The Toronto Raptors possessed one of the most dynamic and electrifying scoring tandems the league had ever seen at the turn of the century. The only problem? Nobody knew.
Now, nearly fifteen years and six NBA teams later, Tracy McGrady is playing in his first NBA Finals with the San Antonio Spurs. Yesterday, McGrady admitted that he and his cousin, Vince Carter, had squandered an opportunity to build a dynasty by not staying together north of the border.
At the Spurs’ press conference yesterday, McGrady told the Toronto Suns’ Ryan Wolstat:
“At that time, I think Toronto probably could have competed for championships with the Lakers, that’s what I think.”
However, the Raptors never had an opportunity to realize their full potential. In 2000, McGrady, who was tired of playing in Vince Carter’s shadow, left the Raptors in a sign-and-trade for a max contract in his hometown of Orlando.
McGrady does not blame himself nor the Raptors for the premature ending to what could have been a championship team. Looking back, McGrady admits that he was never sure he would amount to the two-time scoring champion and seven-time all star that he became.
“Toronto, they didn’t know I was capable of that type of performance as far as scoring. I didn’t (even) know I had that in me,” he admitted.
After all, while McGrady was certainly a blue chipper with the Raptors, few could have foreseen him nearly double his scoring average from 15.4 points per game in his final season in Toronto as a 20-year-old to 26.8 points per game in his first season with the Magic as a 21-year-old.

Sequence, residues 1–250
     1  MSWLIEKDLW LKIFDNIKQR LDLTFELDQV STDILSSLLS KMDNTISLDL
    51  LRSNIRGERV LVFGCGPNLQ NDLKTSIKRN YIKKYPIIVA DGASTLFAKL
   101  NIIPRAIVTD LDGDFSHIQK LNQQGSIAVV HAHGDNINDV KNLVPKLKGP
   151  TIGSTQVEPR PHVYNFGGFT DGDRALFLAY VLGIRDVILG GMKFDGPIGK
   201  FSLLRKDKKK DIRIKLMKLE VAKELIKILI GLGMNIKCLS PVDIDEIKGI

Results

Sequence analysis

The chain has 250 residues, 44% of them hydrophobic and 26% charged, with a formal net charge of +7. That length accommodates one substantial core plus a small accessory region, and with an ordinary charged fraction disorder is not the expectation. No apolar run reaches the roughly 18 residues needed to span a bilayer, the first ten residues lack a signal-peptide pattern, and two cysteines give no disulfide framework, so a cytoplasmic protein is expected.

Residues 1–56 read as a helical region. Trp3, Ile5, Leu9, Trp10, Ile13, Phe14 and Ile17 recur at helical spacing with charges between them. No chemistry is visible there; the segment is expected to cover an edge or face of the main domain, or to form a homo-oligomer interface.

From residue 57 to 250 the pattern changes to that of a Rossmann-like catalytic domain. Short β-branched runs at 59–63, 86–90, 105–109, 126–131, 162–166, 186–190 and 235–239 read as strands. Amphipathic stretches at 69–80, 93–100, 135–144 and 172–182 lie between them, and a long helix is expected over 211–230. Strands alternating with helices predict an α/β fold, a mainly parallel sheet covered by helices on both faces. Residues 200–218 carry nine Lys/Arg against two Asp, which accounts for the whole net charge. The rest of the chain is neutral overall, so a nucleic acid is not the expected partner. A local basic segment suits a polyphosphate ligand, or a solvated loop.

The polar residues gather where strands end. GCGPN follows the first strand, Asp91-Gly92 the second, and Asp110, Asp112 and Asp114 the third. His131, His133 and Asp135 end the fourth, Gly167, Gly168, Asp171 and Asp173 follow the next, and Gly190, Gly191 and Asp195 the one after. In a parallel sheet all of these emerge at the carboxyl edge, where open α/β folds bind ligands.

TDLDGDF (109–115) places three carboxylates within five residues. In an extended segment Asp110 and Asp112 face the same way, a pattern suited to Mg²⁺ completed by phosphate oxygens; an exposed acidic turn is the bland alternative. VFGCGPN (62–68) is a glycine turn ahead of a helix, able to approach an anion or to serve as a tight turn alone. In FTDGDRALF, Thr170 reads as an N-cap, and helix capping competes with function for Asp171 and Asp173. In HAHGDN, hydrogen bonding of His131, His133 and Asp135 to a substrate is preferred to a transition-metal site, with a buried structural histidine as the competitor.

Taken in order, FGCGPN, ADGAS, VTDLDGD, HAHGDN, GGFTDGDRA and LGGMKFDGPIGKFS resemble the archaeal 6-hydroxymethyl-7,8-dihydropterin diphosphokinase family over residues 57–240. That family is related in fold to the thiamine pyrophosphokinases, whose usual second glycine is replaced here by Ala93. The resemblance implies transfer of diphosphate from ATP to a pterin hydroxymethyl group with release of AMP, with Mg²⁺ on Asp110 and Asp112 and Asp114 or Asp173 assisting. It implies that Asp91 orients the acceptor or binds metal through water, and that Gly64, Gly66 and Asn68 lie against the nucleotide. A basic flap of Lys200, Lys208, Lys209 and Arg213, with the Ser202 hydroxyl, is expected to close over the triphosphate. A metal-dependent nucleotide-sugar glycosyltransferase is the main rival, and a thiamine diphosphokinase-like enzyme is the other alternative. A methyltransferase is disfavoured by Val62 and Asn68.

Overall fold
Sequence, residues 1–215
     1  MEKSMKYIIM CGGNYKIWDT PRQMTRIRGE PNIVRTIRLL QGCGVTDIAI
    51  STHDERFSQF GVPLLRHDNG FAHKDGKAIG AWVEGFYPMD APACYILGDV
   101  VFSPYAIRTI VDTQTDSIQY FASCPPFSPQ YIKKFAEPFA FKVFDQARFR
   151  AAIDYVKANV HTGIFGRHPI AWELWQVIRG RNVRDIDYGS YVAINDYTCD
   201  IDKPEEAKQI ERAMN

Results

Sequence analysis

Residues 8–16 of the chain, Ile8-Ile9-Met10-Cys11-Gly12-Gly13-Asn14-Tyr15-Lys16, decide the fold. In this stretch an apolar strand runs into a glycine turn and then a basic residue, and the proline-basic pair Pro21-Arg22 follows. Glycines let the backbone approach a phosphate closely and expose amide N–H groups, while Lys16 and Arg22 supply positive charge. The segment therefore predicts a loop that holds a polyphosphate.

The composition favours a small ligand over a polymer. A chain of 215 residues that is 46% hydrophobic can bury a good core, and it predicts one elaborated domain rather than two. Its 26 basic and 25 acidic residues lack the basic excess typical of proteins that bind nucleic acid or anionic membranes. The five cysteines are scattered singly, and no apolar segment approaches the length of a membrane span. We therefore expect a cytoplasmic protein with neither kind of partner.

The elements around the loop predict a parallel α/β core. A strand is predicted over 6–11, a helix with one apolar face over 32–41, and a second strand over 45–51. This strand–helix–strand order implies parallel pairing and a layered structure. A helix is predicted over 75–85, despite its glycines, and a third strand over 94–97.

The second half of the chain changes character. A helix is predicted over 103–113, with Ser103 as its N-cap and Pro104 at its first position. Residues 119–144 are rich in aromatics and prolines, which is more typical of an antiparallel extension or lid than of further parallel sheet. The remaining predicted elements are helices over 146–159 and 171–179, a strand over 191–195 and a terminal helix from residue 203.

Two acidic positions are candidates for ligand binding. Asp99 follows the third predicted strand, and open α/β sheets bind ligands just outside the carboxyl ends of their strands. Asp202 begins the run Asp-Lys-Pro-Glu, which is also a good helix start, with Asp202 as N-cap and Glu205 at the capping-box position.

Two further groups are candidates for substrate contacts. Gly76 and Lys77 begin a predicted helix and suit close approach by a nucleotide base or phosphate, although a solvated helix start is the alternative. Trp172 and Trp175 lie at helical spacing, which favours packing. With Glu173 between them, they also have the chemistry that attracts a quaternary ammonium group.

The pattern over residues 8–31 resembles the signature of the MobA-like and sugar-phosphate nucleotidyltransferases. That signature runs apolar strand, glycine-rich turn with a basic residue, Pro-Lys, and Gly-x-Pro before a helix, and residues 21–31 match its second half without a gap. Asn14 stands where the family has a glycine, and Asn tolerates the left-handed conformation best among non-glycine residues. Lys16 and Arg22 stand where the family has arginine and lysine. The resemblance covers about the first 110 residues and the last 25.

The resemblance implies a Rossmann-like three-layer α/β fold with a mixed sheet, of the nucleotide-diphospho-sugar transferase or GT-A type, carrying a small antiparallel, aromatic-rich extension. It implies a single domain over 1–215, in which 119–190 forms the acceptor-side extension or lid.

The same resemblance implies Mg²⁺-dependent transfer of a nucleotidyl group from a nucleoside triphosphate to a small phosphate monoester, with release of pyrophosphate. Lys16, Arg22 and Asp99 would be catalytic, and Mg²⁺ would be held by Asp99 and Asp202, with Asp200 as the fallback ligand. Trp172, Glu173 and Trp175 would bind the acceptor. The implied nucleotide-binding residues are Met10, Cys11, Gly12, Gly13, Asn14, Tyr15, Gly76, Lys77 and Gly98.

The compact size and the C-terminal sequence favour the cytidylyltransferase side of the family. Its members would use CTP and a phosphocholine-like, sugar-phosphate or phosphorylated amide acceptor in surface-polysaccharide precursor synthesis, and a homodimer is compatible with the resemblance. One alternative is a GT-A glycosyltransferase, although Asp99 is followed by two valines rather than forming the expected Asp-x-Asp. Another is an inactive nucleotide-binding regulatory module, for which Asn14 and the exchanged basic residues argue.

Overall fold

Of course, if the Spurs do end up winning the championship this year, McGrady will have little to do with it. He has become the team’s human victory cigar this postseason, appearing in only four of the Spurs’ 15 postseason games. He has logged zero points in just over 17 minutes of action.
McGrady’s decline, in a way, can serve as a reminder of just how important it is for stars to have strong supporting casts and reasonable minute limits through the course of grueling NBA seasons. While Tim Duncan and Manu Ginobili are both older than McGrady, they continue to produce at high levels because their Spurs have been powerhouses in the West for years and Gregg Popovich has been masterful at giving them proper rest.
McGrady, on the other hand, had to almost singlehandedly will the Magic and (to a lesser extent) the Rockets to the playoffs on six separate occasions.
“I had to carry a franchise for a lot of years. I had to do a lot more than a lot of some of these guys do and it caught up for me,” McGrady acknowledged.
Still, McGrady has no complaints with his current situation as a Spurs benchwarmer. When asked about his role for the Spurs, McGrady spoke candidly: “S—, I don’t think I’m going to play. I watch just like you. I just have a better seat.”
Be it as a superstar or super-sub, McGrady has always found a way to enamor the media with golden quotes like this one:
Are you ready if your number is called? Tracy McGrady: “is a pig’s p—y pork?”
— Ben Golliver (@blazersedge) June 7, 2013
Now, let’s see what else is going on around the league: